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Molson v. Disantis

United States District Court, W.D. Pennsylvania

July 26, 2019

ROWENA MOLSON, Plaintiff,
v.
JUDGE EARNEST J. DISANTIS, JR., et al., Defendants.

          MEMORANDUM OPINION

          Susan Paradise Baxter, United States District Judge.

         Plaintiff Rowena Molson commenced this proceeding by filing a motion to proceed in forma pauperis, ECF No. [1], and attaching to it a “complaint” directed against some twenty-eight Defendants, many of whom are associated with the justice system, either as police officers or as judges or other court personnel. The “complaint” consists of various disjointed phrases and run-on sentences that are largely unintelligible. By way of example, Plaintiff vaguely alleges “Discrimination by gender, false arrest, false imprisonment, hate crime, crime against humanity, no cause, torture and abuse based on similar conditions of 1942-1944 at Ausweitz [sic] . . . .” ECF No. 1-1, Section III. These phrases are referenced in connection with Plaintiff's “plight to file wrongful death” of her “aunt” and “uncle.” Id. Elsewhere, Plaintiff alludes to money she paid in relation to “false statement cell phone crime issued by next door neighbour [sic].” ECF no. 1-1, Section IV. As relief for her claims, Plaintiff seeks monetary damages. Id.

         The United States Court of Appeals for the Third Circuit has instructed the district courts to utilize a two-step analysis to determine whether to direct service of a complaint where the plaintiff seeks to proceed in forma pauperis. See Roman v. Jeffes, 904 F.2d 192, 194 n. 1 (3d Cir. 1990). “First, the district court evaluates a litigant's financial status and determines whether (s)he is eligible to proceed in forma pauperis under § 1915(a). Second, the court assesses the complaint under [§ 1915(e)(2)1] to determine whether it is frivolous.” Id. (citing Sinwell v. Shapp, 536 F.2d 15 (3d Cir. 1976)); Schneller v. Abel Home Care, Inc., 389 Fed.Appx. 90, 92 (3d Cir. 2010). The Court finds that Plaintiff is without sufficient funds to pay the required filing fee. Therefore, she will be granted leave to proceed in forma pauperis.

         Pursuant to 28 U.S.C. § 1915(e)(2), as amended, “[t]he court shall dismiss the case at any time if the court determines that ... (B) the action or appeal (i) is frivolous or malicious; (ii) fails to state a claim on which relief may be granted; or (iii) seeks monetary relief against a defendant who is immune from such relief.” A claim is frivolous if it: 1) is based upon an indisputably meritless legal theory and/or, 2) contains factual contentions that are clearly baseless. Neitzke v. Williams, 490 U.S. 319, 327 (1989). Whether a complaint fails to state a claim under § 1915(e) is governed by the same standard applicable to motions to dismiss under Federal Rule of Civil Procedure 12(b)(6), see Tourscher v. McCullough, 184 F.3d 236, 240 (3d Cir. 1999), which requires the court to determine whether the complaint contains “sufficient factual matter, accepted as true, to state a claim to relief that is plausible on its face.” Ashcroft v. Iqbal, 556 U.S. 662, 678 (2009) (quotations omitted). However, before dismissing a complaint for failure to state a claim upon which relief may be granted pursuant to § 1915, a court must grant the plaintiff leave to amend his complaint, unless the amendment would be inequitable or futile. See Grayson v. Mayview State Hosp., 293 F.3d 103, 114 (3d Cir. 2002).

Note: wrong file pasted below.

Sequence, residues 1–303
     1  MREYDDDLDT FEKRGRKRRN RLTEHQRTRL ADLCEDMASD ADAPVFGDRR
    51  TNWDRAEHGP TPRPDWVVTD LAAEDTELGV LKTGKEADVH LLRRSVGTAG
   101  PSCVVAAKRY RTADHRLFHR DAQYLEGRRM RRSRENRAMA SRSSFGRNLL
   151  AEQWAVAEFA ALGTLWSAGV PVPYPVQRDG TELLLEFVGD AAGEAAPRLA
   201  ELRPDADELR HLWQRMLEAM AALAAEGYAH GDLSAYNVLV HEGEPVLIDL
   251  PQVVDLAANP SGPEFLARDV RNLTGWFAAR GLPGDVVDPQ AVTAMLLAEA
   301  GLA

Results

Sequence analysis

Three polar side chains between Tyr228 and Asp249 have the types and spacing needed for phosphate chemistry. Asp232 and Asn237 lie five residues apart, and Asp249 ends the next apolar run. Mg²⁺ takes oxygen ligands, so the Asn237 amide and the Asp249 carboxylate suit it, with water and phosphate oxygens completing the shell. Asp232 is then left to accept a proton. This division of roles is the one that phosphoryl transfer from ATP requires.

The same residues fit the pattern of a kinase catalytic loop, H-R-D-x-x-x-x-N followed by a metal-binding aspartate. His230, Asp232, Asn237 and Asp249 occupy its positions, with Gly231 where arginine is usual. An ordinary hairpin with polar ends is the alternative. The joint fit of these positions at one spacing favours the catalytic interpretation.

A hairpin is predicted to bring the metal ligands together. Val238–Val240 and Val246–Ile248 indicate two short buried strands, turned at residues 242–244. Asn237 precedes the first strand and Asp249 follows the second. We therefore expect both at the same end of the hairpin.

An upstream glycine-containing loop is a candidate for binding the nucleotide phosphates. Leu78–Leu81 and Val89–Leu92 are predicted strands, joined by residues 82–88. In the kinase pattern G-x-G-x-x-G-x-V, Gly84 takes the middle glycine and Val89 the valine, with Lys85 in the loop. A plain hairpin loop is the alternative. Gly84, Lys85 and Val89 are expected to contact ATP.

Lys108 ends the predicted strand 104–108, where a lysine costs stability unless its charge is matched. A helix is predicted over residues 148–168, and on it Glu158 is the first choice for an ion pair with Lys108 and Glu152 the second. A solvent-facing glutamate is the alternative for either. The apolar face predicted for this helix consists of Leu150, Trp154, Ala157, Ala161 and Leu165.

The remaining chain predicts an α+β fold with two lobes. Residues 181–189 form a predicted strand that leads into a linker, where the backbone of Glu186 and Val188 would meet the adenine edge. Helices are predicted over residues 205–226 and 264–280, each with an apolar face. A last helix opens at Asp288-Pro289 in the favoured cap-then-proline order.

Here, a review of plaintiff's “complaint” reveals that it (1) fails even to identify, much less properly state, a legal theory upon which relief can be granted and (2) is based upon stream of consciousness ramblings which are essentially unintelligible or, at best, merely bald and conclusory allegations of wrongdoing. Construing the complaint most liberally in Plaintiff's favor, the Court assumes that Plaintiff is attempting to state some type of claim under 42 U.S.C. § 1983 for the violation of her federal constitutional rights. Alternatively, Plaintiff may be trying to assert claims for unlawful discrimination under, e.g., Title VI of the Civil Rights Act of 1964, 42 U.S.C. §2000d, Section 504 of the Rehabilitation Act, 29 U.S.C. §794(a), or Title II of the American with Disabilities Act of 1990, 42 U.S.C. §12132. Although the “complaint” vaguely alleges “discrimination by gender, ” “false arrest, ” “hate crimes, ” and other generalized wrongdoing, it provides no averments as to what exactly was done to Plaintiff, when it was done, and by whom it was done. Accordingly, the pleading is utterly devoid of factual content that would support the existence of a plausible constitutional violation, or an unlawful act of discrimination, for which each of the named Defendants could be personally liable.

         In sum, to the extent Plaintiffs “complaint” is intelligible, it contains little more than recitations of legal phrases and conclusory allegations of wrongdoing. The Supreme Court has admonished that “a plaintiffs obligation to provide the ‘grounds' of his ‘entitlement] to relief requires more than labels and conclusions....” Bell Atlantic Corp. v. Twombly,550 U.S. 544, 555 (2007) (quoting Papasan v. Allain,478 U.S. 265, 286 (1986)) (alteration in the original). Having failed to provide any factual predicate for any cognizable action, Plaintiffs “complaint” fails to state a ...


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